Essential Teachings 4: Jesus, the Son of God  by Steve Weston  

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This is the only way that the Bible describes the relationship between Jesus and God – Jesus is always God’s son, and God is always Jesus’ Father. The trinitarian language of God the Father, God the Son etc. did not start to be used until several centuries later. No-one can dispute those incontrovertible facts. But what we need to examine is whether the fundamental concept of the Trinity is embedded within the Scriptures, or whether it is an example of erroneous thinking that has come in later to stifle and ultimately replace clear Bible teaching.

There is a significant point of context to our examination of this topic that we need to take account of. The New Testament itself predicts that error will come into Church teachings. Consider these words from the Apostle Paul:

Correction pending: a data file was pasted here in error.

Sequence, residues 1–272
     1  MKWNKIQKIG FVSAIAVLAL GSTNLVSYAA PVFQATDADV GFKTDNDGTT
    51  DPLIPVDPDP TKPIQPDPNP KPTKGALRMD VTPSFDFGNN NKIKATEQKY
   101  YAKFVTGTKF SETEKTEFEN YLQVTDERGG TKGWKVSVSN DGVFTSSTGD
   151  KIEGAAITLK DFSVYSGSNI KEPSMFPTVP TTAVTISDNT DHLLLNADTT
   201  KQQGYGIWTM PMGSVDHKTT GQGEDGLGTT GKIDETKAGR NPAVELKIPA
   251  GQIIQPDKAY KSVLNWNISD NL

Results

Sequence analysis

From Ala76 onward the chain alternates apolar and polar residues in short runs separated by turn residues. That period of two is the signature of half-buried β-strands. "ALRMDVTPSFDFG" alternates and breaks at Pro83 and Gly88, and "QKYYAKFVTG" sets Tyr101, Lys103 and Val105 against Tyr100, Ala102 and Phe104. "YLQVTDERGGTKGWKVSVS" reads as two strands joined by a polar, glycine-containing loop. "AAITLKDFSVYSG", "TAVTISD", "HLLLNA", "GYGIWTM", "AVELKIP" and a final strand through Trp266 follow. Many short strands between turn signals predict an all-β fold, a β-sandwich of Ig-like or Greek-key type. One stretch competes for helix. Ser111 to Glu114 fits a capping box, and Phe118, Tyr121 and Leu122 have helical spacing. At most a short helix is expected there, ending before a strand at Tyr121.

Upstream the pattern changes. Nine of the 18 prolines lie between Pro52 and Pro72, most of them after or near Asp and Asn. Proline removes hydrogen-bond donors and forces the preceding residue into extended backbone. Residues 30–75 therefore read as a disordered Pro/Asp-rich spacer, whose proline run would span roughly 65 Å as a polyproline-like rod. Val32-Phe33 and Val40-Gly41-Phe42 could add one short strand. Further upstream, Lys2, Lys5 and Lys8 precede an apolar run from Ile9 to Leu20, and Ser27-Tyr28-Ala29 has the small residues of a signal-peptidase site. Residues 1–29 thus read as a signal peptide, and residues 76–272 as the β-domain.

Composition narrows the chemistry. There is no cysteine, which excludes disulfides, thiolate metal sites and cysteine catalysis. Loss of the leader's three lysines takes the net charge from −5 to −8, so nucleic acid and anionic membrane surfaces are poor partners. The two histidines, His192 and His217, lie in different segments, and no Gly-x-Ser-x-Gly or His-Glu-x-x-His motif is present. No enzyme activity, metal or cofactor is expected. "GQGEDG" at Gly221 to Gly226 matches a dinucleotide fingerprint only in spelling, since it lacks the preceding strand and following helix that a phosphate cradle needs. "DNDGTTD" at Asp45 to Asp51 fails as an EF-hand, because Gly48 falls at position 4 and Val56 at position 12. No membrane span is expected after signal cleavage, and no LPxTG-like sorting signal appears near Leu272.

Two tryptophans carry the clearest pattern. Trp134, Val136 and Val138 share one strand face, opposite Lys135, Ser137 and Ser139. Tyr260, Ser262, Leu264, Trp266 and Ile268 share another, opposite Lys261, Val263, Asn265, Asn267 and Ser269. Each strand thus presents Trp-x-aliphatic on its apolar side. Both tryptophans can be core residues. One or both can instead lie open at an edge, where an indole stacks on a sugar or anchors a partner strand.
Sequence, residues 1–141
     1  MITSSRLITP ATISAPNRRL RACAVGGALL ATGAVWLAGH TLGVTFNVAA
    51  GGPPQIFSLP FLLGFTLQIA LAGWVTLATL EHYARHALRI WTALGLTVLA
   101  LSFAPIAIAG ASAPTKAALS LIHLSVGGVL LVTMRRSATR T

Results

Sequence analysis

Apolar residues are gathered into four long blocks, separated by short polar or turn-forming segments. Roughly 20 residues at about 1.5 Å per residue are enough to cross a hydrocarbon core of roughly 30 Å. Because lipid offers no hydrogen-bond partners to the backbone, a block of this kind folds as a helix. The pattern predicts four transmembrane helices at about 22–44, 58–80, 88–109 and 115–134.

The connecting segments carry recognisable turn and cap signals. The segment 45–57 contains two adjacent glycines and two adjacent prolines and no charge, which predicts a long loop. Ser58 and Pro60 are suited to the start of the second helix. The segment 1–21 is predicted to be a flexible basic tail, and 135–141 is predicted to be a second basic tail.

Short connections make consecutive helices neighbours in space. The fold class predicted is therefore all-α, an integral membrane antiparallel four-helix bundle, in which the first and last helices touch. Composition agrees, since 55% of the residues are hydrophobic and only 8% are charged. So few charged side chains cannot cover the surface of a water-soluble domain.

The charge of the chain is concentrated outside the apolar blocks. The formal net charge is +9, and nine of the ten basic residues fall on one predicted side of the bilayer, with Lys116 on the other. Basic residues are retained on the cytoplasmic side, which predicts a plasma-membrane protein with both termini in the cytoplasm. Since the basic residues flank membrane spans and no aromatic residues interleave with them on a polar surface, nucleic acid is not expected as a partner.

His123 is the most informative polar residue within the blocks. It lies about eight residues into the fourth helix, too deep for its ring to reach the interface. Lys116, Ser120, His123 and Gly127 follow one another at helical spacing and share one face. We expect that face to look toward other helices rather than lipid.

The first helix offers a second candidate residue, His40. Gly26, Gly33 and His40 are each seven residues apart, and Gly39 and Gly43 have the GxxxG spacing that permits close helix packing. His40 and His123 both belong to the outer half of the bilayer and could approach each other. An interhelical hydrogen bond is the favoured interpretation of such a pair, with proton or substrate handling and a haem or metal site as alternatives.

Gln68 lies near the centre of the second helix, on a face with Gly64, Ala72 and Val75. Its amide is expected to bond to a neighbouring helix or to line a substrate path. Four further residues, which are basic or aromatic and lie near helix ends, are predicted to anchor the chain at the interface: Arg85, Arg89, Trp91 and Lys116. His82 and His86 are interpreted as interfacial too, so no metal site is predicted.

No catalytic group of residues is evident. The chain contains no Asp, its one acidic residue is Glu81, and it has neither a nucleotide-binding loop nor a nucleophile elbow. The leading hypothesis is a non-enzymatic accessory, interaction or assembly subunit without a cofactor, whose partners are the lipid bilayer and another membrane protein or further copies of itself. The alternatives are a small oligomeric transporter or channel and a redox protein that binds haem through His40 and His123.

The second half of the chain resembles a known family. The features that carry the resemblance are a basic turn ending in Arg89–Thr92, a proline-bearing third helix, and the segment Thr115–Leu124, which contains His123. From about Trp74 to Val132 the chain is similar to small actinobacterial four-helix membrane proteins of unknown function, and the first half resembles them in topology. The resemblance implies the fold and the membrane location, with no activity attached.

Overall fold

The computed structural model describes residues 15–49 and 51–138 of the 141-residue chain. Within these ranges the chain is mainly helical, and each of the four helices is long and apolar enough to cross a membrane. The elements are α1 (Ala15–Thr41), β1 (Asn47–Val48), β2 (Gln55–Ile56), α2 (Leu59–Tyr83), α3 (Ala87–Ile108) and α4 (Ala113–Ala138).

I know that after my departure fierce wolves will come in among you, not sparing the flock; and from among your own selves will arise men speaking twisted things, to draw away the disciples after them

(Acts 20:29/30)

And these from the pen of the Apostle John:

Beloved, do not believe every spirit, but test the spirits to see whether they are from God, for many false prophets have gone out into the world. By this you know the Spirit of God: every spirit that confesses that Jesus Christ has come in the flesh is from God, and every spirit that does not confess Jesus is not from God. This is the spirit of the antichrist, which you heard was coming and now is in the world already.
(1 John 4:1-3)

 The existence of erroneous views on what the Bible says ought therefore not to surprise us. But let’s come to the fundamental question in front of us now – is Jesus the Son of God, or is he part of a triune deity, “co-equal and co-eternal” with God (to quote the language of the Athanasian Creed)?